Iditarod Coverage, photos, video interviews, more…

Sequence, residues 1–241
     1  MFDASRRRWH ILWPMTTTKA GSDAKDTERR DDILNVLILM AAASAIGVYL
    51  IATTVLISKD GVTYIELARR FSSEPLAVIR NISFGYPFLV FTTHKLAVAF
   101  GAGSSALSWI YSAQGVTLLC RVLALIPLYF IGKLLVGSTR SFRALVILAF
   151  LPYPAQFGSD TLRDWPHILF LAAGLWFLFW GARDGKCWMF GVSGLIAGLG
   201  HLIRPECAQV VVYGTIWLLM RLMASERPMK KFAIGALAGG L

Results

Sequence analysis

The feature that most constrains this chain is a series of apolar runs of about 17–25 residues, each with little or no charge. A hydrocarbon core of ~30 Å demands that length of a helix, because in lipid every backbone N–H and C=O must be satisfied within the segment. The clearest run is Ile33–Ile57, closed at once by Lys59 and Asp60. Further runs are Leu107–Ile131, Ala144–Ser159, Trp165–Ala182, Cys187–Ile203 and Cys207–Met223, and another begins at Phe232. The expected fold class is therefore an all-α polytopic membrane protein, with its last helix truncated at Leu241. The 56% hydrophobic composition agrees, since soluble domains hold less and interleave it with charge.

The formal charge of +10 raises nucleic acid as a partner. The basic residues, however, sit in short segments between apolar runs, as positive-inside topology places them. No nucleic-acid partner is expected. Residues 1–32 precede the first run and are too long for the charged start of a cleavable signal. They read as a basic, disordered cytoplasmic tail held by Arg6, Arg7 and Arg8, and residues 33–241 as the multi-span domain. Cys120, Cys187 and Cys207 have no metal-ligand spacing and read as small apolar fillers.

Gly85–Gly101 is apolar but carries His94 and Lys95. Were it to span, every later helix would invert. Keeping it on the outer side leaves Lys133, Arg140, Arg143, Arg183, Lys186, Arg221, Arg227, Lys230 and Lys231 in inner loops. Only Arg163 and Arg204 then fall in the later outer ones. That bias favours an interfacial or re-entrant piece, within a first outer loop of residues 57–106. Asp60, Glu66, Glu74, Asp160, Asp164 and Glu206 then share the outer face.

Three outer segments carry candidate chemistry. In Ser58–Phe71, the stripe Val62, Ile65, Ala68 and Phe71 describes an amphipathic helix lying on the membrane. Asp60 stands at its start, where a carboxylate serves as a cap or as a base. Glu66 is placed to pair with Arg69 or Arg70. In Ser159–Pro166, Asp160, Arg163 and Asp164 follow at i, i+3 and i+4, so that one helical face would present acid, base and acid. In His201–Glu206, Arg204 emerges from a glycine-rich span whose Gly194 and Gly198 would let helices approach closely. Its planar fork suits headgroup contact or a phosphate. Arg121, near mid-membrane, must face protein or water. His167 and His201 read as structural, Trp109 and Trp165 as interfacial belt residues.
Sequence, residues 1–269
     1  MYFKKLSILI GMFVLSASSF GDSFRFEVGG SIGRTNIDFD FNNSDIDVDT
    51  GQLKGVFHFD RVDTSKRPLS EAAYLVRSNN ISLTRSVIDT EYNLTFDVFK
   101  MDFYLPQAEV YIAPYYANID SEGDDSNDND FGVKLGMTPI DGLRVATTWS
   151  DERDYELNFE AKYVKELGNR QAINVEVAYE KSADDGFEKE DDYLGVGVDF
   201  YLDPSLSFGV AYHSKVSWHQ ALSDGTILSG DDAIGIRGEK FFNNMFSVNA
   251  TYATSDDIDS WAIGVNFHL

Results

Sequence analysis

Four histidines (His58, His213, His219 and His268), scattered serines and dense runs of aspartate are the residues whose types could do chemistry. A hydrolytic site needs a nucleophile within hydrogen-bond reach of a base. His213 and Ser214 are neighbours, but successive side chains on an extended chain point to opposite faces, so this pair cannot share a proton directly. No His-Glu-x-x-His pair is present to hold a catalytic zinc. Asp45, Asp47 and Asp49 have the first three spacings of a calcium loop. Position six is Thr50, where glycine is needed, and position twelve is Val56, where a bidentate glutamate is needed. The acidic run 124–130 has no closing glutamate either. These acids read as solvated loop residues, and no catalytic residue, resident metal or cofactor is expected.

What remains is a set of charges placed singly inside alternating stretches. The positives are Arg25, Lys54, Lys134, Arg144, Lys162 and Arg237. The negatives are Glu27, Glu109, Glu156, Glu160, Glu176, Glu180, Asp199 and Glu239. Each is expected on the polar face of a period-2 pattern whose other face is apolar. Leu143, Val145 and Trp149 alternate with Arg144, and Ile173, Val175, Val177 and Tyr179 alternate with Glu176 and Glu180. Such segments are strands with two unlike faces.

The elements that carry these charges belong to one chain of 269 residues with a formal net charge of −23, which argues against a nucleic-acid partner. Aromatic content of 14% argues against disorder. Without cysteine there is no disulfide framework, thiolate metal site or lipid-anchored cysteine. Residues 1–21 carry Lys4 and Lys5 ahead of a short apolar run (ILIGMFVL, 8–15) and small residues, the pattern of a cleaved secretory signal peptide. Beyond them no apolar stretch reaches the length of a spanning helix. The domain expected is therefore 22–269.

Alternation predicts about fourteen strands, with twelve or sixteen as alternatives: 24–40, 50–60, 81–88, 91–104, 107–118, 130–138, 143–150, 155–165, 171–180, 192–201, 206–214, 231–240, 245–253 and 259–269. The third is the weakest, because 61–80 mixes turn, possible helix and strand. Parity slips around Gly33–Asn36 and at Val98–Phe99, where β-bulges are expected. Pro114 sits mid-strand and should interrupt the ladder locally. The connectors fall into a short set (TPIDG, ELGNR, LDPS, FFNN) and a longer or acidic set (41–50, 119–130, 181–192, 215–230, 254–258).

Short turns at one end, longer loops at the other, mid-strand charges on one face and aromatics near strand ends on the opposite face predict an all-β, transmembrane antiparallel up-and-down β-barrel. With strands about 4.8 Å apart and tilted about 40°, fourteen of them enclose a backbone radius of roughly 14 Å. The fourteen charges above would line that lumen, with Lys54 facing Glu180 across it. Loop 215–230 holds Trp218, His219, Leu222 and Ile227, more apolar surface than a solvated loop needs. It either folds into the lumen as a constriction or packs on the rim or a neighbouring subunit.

Our Editor Amanda Byrd is on location at the Iditarod, bringing you exclusive video highlights from Nome.———————————————————————————————————–March 14, 2007 – 7:50pmRobert Sorlie may not have won the race, but he has won the hearts of the children of Nome. Besides Lance, Robert had the largest crowd in attendance as he drove his team up Front Street.The dogs were a little tired and Sorlie’s face was covered in frost bite. Sorlie was asked a few question from media and then scores of children had their clothing, and scarves signed bvy the Norwegian. The Norwegian flag was proudly displayed under the burled arch, and like when he won the race in 2005, he posed with his leaders in the sunlight.Sorlie has run the Iditrarod 4 times, winning twice.———————————————————————————————————–March 14, 2007Ramey Brooks arrived with a fleet of Cellular One clad supporters waiting. Ramey had a tough run, and when arriving in the chute, he answered a few questions before quickly leaving to tend to his dogs. Roxy Wright, Ramey’s mother, was waiting as was a crowd of fans with banners and posters.We are now waiting for Cim Smyth and Robert Sorlie to finish. Cim is known for his speedy finishes, perhaps a throwback to his sprint racing days.———————————————————————————————————–March 14, 2007Tollef Monson arrived in Nome under very clear skies. His dogs were a little unsure about going into the chute and tried to go around it, but at his word they quickly turned and entered the chute.The dogs quickly ran through the burled arch and some lay down, while others wanted to keep going. One particular dog wanted to keep moving and chewed its neckline and banged in its harness.Tollef is running Jon Baker’s second team. ———————————————————————————————————–March 14, 2007Mushers have been streaming into Nome. Throughout the night the siren was sounding as teams passed the road crossing. With the tight race in the front of the pack, the mushers were working hard to keep their positions, or even do one better.Ken Anderson arrived at 9.28am, and was sweating as he had helped his dogs along as much as he could for the last miles from Safety to Nome. Ken’s seal skin hat, a gift from a friend in Shishmaref, had a large chunk out of it from where a stick had poked him in the head and eye. Mushers come in and have every mile of the race etched in their expression. Tired is the first word that usually comes from them. The race continues, and mushers will continue to stream into Nome over the next few days. ———————————————————————————————————–March 13, 2007Lance is finally in Nome!!!Lance crossed the line to cheers of hundreds of fans. Before he came up the street though, all of the trail groomers rode through the burled arch. These guys are one of the major factors in getting the teams to Nome.These dogs are phenomenal. Lance crossed the line, the dogs were banging in their harnesses to keep going. Jason Mackey ran up and almost knocked over his winning brother. Lance was very upset that he had to leave Zorro in White Mountain due to suspected pneumonia. Lance learned that Zorro pulled through, and thanked the vet crew who have done a wonderful job.Lance received a large dinner and ate it while completely relaxed. Lance’s family is very proud and as Lance was answering questions, his father Dick Mackey arrived. Tears were shed by both Mackeys, and Dick was obviously proud. Dick proceeded to introduce the entire Mackey family, and spoke about Cain being the next champion.———————————————————————————————————–Tues. March 13th, 2007 – 6.15pmWell, 13 is Lance’s number! I just saw him in Safety and he was so happy and just thrilled that he may well be the first into Nome. Lance is very emotional about having his father, Dick Mackey, at the finish line watching him come in. Lance says that he has cried a few times in the last 100 miles, and will most likely blubber at the finish line as well.Lance’s team looks strong and happy to run. As he came into Safety, the dogs all quietly stood waiting for a snack. He snacked them and then went about making sure the booties all on. The trail is very rough, and Mackey has no runner plastic on his sled anymore. He down to bare aluminum. Mackey then was given his number 13 bib to put on, and pointed to the 13 excitedly. He was told by a friend that is was the 13th and he was in disbelief.He whistled to the dogs, they all stood up moved out the checkpoint down the trail.We went on back to Nome and around 10 miles out we had a snowmachine race towards us. It was Jason Mackey, lance’s brother. Jason was brimming with pride when we told him that Lance was just 10 miles back. Jason smiled and shook his head. The pride was evident.Everyone in Nome is excited, and everyone is happy that it is Lance coming in first.Check back for videos and images from the trail and finish.———————————————————————————————————–Tues. March 13th, 2007We woke up this morning to the news that Lance had arrived in White Mountain and was due to leave at 9.30am. Our plan is to still ride out on the snow machines to see the teams, though whether or not we make out to White Mountain is still to be decided. We all want to see Lance cross the line, and hopefully in first place. So we may just go to Safety and see the teams on the trail.The Convention Center is a hive of activity. Race vets are here, the race organizers. We are leaving right now and will take photos from the trails. Keep checking back for updates.———————————————————————————————————–Mon. March 12th, 2007After what has seemed like my own Iditarod, I am finally in Nome. The flight in was in clear skies and beautiful. The passengers were all destined for the finish line, some simply as spectators and some were there to see their loved ones finish the race. Ken Anderson’s parents, Betty and Henry are here to see Ken finish his most amazing race, and Tonya and Cain Mackey arrived to handle for Lance, and to be here when he finishes his most monumental race to date. Rookie musher Jon Korta’s parents made the trip from Wisconsin to see their son make the journey. James Keller from JJ Keller, a sponsor of Dallas Seavey is here with his family to see the race first hand. James’ son is out on the trail filming and getting interviews along with the mushers.The atmosphere here is exhilerating. The burled arch is standing proudly on Front Street, banners are being hung by the dedicated volunteer crew, and inside the Nome Convention Center, the air is full of excitement as to when the first musher will arrive, and speculation on who it will be.Volunteers from all over the country are here, including two women from North Carolina. One woman has made the trip 4 times, and her friend is here for her first. Signs of mushers names are being hung from the ceiling, and the leader board is regularly updated. When a name is updated, people hover to see who has moved up, or back.The town is in full swing with the craft show, a beautiful display of native arts and crafts, and tonight is the wet buns contest. I might stick my head in and see what Nome is made of. Yukon Quest finisher Benedikt Beisch is tipped to be the winner this year, assuming he drinks enough to enter. Last year Benedikt won the tatoo contest, and will compete again. The sea ice is firm close to land, but a little distance from shore the ice is open and water is clearly visible.More updates to come. ——————————————————————————————————————————Sat. March 10th, 2007Martin Buser was the first team to reach the Yukon River, and enjoyed the feast that awaited the first musher. Jeff King has reached Kaltag first, and really right now the race is still up for grabs. Gebhardt, Mackey and Steer are still within strking distance, but don’t count out Anderson, Iten or Seavey who have been running very conservative races.Time will tell.——————————————————————————————————————————Thurs. March 8th, 2007Mackey is the first musher into the ghost town of Iditarod. Mackey battled tussocks and large moguls along the trail, making travel difficult. Mackey, by reaching the half-way point first, wins the GCI Dorothy Page halfway award as well as $3000 in placer nuggets.Martin Buser, Jon Baker and Jason Barron have taken their 24 hour rest at Ophir, while Ken Anderson and Aaron Burmeister have taken their mandatory rest at Takotna. The front runners are yet to take their 24, and where they take it is anyone’s guess.While the front runners are dealing with the low snow conditions and wind, the back pack has been dealt a blow with a large snow storm creating dangerous white-out conditions, and putting enromous pressure on leaders. Many teams quit along the trail, but sportsmanship came into play with mushers helping teams that had quit along the trail. Fourteen mushers have scratched the race, leaving 68 teams racing to Nome.——————————————————————————————————————————Wed. March 7th, 2007Lance Mackey is leading the front pack. He really wants to win this year and make it a quinella with his Yukon Quest win, and to go down in history as the first musher to win both races in the same year, and with 13 of the ame dogs. Mackey is also wearing his lucky number 13, the bib number his father and brother both won the iditarod with.Mackey limped into Nikolai checkpoint on one runner, and traded sleds before heading down the trail to McGrath.Martin Buser was the first musher into McGrath, and received the PENAIR Spirit of Alaska Award; a spirit mask, and $500 towards freight shipment or travel.Mackey is the first musher out of Ophir, ahead of Paul Gebhardt by just under 4 hours.More mushers have scratched including Dan Huttunen, Randy Cunmmings and rookie Tom Roig.——————————————————————————————————————————Tues. March 6th, 2007The Iditarod trail is taking its toll on the mushers, but race vets say that the trail is ideal for the dogs. The predicted wrist and shoulder injuries have not occured, but sleds and mushers are the casualties. The fact that the dogs are closer to the ground, says Chas St. George, is why they are handling the conditions well. The mushers are higher off the ground and they are taking the full brunt of the treacherous trail.Most recent mushers to drop out include Melanie Gould and Jaques Philip. Philip was concerened about the trail conditions and Melanie had sled damage which put her out of the race.The list is getting longer of mushers scratching. Check back often for more information.——————————————————————————————————————————Tues. March 6, 2007Jeff Holt and DeeDee Jonrowe have both scratched in the past 24 hours. Jeff Holt, of North Pole, Alaska felt a sharp pain and blacked out. He decided to scratch at Finger Lake. Holt and his team were transported from Finger Lake.Jonrowe, on her 25th Iditarod, had a fall between Finger Lake and Rainey Pass and broke her pinky finger and may have suffered more hand injuries after a crash just a few miles before the Rainy Pass checkpoint.79 teams remain in the race. Jason Barron leads the field out of Rohn, with Cim Smyth, Lance Mackey, Zack Steer and Martin Buser close behind.——————————————————————————————————————————Mon. March 5, 2007Four time Iditarod Champion Doug Swingley has withdrawn from the 2007 race at Rainey Pass after a crash left him with suspected broken ribs and a dislocated thumb. The crash occurred between Finger Lake and Rainey Pass.Cim Smyth leads the field out of Rainey Pass followed closely by Lance Mackey and Aliy Zirkle.——————————————————————————————————————————Mon. March 5, 2007Mushers set out on the trail yesterday under clear skies and with just a hint of the breeze that had hampered the Anchorage area over the past week.Setting a fast pace is Martin Buser with a run time to the first checkpoint, Skwentna, of 5 hours 45 minutes.The hard fast trails will allow for fast speeds between checkpoints, but this could also bring on injuries to the dogs as there is no cushion in the snow. Mushers will want to keep their dogs’ speed in check to prevent the wrist and shoulder injuries which can occur on a fast and hard trail.Most drivers will run and rest for equal time, but at around the half-way point we will start to see strategy playing out. Some mushers will run longer and rest shorter, others will remain equal and steady.The leaders are through Finger Lake and on their way to Rainy Pass.——————————————————————————————————————————Fri. March 2, 2007Ok, here’s a plug for another website. I’ll admit to not coughing up the 20 clams for an Iditarod Insider pay per view membership last year. It was probably because I don’t believe in the business model of paying for content on the web, or didn’t before. I’ve seen it tried before, and seen it failed. Having said that, I logged on to the Iditarod.com site and searched around for my credit card to order up a subscription. I started to take a look at some of the pre race video interviews they have up. If their coverage of the race is as good as these videos, I can say it will be great. Heck, the interview with Ed Iten talking about his lead dog Zoe, being put back together after a moose attack and ending up as one of his main leaders, is worth the price of admission. The interviews with Seavey, Buser, Mackey, Swingley are all gravy on top. if you’re a fan of the sport, check out iditarod.com There is also excellent coverage on Cabelasiditarod.com, with frequent Mushing Magazine contributor Jon Little.Cheers, Greg Sellentin, Publisher Mushing Magazine———————————————————————————————————————————Thurs. March 1, 2007Iditarod Trail Committe hoping to break even this year.As reported in the Fairbanks Daily News Minerhttp://hosted.ap.org/dynamic/stories/A/AK_IDITAROD_FINANCES_AKOL-?SITE=AKFAI&SECTION=HOME